Having just gotten home from the hospital after another appointment with the movement disorder specialist, I wanted to write a comprehensive and informative post for anyone that’s interested in why I sometimes stop to have a little wobble, are intrigued by this movement disorder, or are struggling with it yourself.
So what is paroxysmal kinesigenic dyskinesia (PKD for short)? It’s a movement disorder which can affect any body part and causes tremor/wobble/twitch on sudden movement or being startled. In my case, I have it in my right leg and it’s triggered by mundane things like jumping up to answer the door, to the obscure ones of crossing the road or going up or down stairs (it’s the reason you’ll catch me on the lift instead of traipsing up stairs and my journey taking a lot longer and me potentially falling – nobody has time for that shit). Symptoms normally start to present at the beginning on puberty (I was about 12 when I had my first episode) and progressively get worse as you get older – although that’s not to say people younger don’t suddenly present symptoms or it randomly occurs in adults, because it does and there are a lot of people in the Facebook group I’m part of that will vouch for that.
In a lot of cases, people can wait years for a proper diagnosis due to the symptoms presenting in a way that are not dissimilar to those of anxiety/depression. I myself had to wait around 13/14 years before getting confirmation of my diagnosis (I believed I had some kind of movement disorder for around a year before when none of the meds/therapies were helping) which isn’t uncommon.
PKD is classed under the dystonia umbrella as it’s pretty rare (it’s thought to be 1 in 150,000, so not a lot of people to relate to!) and there aren’t too many doctors that specialise in it – there are known genetic causes and it’s sometimes linked to previous brain injury or neurological disorders such as epilepsy (I had a lumbar puncture to test my spinal fluid for this link as I’m epileptic, but they unfortunately couldn’t find this link), however they still don’t have a comprehensive list of the defective genes that cause it, which means a lot of us are in the dark as to what’s causing us to wobble and twitch.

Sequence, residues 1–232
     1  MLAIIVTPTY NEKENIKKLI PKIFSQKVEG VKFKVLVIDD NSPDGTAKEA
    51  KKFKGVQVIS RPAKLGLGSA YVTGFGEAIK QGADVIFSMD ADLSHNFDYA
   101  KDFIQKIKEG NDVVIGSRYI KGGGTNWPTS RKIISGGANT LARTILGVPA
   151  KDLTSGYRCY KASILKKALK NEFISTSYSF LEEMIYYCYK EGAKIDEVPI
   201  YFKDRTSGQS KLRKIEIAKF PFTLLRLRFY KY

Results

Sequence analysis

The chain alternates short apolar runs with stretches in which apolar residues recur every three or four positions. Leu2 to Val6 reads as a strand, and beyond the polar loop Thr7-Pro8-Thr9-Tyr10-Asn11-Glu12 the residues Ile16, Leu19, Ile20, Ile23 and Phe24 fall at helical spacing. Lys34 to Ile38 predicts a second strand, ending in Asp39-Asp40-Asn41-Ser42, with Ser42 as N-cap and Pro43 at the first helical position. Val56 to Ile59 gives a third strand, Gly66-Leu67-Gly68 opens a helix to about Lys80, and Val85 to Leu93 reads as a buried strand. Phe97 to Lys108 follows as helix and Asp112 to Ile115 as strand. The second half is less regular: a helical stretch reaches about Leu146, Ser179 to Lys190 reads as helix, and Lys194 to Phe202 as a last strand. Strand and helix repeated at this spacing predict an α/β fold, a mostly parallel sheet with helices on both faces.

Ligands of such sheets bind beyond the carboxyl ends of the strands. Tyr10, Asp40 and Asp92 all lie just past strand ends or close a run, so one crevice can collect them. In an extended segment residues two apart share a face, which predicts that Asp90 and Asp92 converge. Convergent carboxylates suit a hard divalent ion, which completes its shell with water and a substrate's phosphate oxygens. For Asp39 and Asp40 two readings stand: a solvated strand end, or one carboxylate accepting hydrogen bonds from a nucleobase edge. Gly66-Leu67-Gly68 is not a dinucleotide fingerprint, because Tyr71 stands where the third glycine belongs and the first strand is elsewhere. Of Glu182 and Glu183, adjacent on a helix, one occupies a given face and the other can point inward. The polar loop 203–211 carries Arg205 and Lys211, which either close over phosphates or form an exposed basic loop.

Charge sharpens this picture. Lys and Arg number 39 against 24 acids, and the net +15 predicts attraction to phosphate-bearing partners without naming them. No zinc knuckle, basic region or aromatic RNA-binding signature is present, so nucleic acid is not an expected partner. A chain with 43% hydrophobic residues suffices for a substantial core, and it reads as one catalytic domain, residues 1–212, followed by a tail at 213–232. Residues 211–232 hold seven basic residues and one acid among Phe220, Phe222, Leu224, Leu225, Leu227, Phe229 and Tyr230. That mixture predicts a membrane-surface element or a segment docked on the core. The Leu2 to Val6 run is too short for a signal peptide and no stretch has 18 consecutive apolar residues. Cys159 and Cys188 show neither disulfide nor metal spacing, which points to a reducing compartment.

I’d say I tend to look like a drunkard walking when mine happens and did once have someone ask me if I was at 8am before work a few years back (wanker) – when an episode happens, trying to walk through it makes it intensify, so you have to wait it out which can take a little while for the “sensations” or “auras” to pass. I personally used to have up to 10 episodes a day which I’ll admit is a pain in the fucking arse. I’ve found that touching or stroking my leg tends to calm an episode down a lot quicker (top tip!) so if you see me bent over stroking my leg like a nutter, just know I’m not.
I’ve found a lot of people get seriously worried when they witness it happening, some of my close family and friends understand it and wait for it to pass, waffling away to take my mind off of it, before I stand up and we go on our merry way again. I just want to let people know that I’m seriously okay, this happens more than I’d like, but it’s not unusual or anything for them to worry about. I understand why it can cause concern, but I’ve been living with this shit for 15 years – I know when it’s bad!
Getting a diagnosis
I’ve spoken about my struggle in getting a diagnosis before, but for the sake of putting it all out there in one post, I’ll share a snippet of the journey I went on to get there.